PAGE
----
Louis IX (25 April 1214 – 25 August 1270), commonly known as Saint Louis, was King of France and is a canonized Catholic and Anglican saint.

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Malietoa King (Mālietoa, of Samoa colloquially) is a state dynasty and chiefly title in Samoa.

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Mamluk Sultanate (Cairo)

The Mamluk Sultanate (سلطنة المماليك Salṭanat al-Mamālīk) was a medieval realm spanning Egypt, the Levant, and Hejaz.

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Margaret of Burgundy, Queen of Sicily

Margaret of Burgundy (1250 – 4 September 1308) was Queen of Sicily and Naples by marriage to Charles I of Sicily.

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Matej Ninoslav

Matej Ninoslav (died 1250) was the Ban of Bosnia in the period of 1232–50.

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May 26

No description.

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Möngke Khan

Möngke (valign / Мөнх;; January 11, 1209 – August 11, 1259) was the fourth khagan of the Mongol Empire, ruling from July 1, 1251, to August 11, 1259.

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Medieval music

Medieval music consists of songs, instrumental pieces, and liturgical music from about 500 A.D. to 1400.

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Medieval Warm Period

The Medieval Warm Period (MWP) also known as the Medieval Climate Optimum, or Medieval Climatic Anomaly was a time of warm climate in the North Atlantic region that may have been related to other warming events in other regions during that time, including China and other areas, lasting from to.

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Mongol Empire

The Mongol Empire (Mongolian: Mongolyn Ezent Güren; Mongolian Cyrillic: Монголын эзэнт гүрэн;; also Орда ("Horde") in Russian chronicles) existed during the 13th and 14th centuries and was the largest contiguous land empire in history.

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Moses de León

Moses de León (c. 1240 – 1305), known in Hebrew as Moshe ben Shem-Tov (משה בן שם-טוב די-ליאון), was a Spanish rabbi and Kabbalist who is considered the composer or redactor of the Zohar.

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Naples (Napoli, Napule or; Neapolis; lit) is the regional capital of Campania and the third-largest municipality in Italy after Rome and Milan.

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Naples Plague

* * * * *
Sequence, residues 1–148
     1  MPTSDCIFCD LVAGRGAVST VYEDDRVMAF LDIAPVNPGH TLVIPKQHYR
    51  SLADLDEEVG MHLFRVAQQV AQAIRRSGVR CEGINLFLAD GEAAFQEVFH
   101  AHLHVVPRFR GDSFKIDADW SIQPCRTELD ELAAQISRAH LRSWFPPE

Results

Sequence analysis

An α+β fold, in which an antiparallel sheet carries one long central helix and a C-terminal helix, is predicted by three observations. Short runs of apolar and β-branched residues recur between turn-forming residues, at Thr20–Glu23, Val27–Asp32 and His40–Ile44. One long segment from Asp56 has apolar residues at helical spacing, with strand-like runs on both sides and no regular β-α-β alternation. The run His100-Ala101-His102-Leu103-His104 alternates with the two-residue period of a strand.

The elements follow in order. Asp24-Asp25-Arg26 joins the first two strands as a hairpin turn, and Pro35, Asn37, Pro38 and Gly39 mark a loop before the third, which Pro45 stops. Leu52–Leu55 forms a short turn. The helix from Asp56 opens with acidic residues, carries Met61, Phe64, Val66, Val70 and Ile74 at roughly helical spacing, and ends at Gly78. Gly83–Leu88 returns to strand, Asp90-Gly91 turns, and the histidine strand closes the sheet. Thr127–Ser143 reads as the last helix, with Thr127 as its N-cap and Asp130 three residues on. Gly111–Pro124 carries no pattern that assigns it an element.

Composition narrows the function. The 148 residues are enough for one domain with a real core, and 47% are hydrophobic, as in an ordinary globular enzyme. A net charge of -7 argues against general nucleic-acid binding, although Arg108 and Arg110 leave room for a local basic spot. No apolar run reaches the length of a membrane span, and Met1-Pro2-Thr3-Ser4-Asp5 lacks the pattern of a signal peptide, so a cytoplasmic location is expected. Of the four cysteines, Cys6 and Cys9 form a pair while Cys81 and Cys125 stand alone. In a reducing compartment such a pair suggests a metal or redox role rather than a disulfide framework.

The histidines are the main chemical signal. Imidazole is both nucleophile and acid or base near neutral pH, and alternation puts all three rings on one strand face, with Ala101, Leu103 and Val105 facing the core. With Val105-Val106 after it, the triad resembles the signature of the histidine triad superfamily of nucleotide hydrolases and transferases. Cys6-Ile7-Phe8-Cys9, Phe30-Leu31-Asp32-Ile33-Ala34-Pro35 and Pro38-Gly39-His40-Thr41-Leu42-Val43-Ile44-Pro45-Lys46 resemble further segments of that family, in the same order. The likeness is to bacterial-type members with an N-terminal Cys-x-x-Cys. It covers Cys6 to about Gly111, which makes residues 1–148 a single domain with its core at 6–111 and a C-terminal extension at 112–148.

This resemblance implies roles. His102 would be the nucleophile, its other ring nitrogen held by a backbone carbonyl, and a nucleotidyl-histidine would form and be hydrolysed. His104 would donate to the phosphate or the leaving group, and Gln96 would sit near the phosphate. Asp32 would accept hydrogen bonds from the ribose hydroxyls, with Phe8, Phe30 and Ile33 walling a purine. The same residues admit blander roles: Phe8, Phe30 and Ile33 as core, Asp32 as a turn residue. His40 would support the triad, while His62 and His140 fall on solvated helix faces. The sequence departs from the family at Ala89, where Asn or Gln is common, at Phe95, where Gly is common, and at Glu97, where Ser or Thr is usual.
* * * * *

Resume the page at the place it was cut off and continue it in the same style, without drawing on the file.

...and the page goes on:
In 1656, a plague nearly eradicated the population of Naples, Italy.

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Notre Dame school

The Notre Dame school or the Notre Dame school of polyphony refers to the group of composers working at or near the Notre Dame Cathedral in Paris from about 1160 to 1250, along with the music they produced.

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October 12

No description.

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October 4

No description.

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Old World oriole

The Old World orioles (Oriolidae) are an Old World family of passerine birds.

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Oxford English Dictionary

The Oxford English Dictionary (OED) is the main historical dictionary of the English language, published by the Oxford University Press.

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A parlement, in the Ancien Régime of France, was a provincial appellate court.

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Peter I, Duke of Brittany

Peter I (Pierre; c. 1187 – 26 May 1250), also known as Peter Mauclerc, was Duke of Brittany jure uxoris from 1213 to 1221, and regent of the duchy for his minor son John I from 1221 to 1237.

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Pierre Dubois

Pierre Dubois (c. 1255 – after. 1321), a French publicist in the reign of Philip the Fair, was the author of a series of political pamphlets embodying original and daring views.

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In music, polyphony is one type of musical texture, where a texture is, generally speaking, the way that melodic, rhythmic, and harmonic aspects of a musical composition are combined to shape the overall sound and quality of the work.

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Ponts Couverts, Strasbourg

The Ponts Couverts (Gedeckte Brücken) are a set of three bridges and four towers that make up a defensive work erected in the 13th century on the River Ill in the city of Strasbourg in France.

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A port is a maritime commercial facility which may comprise one or more wharves where ships may dock to load and discharge passengers and cargo.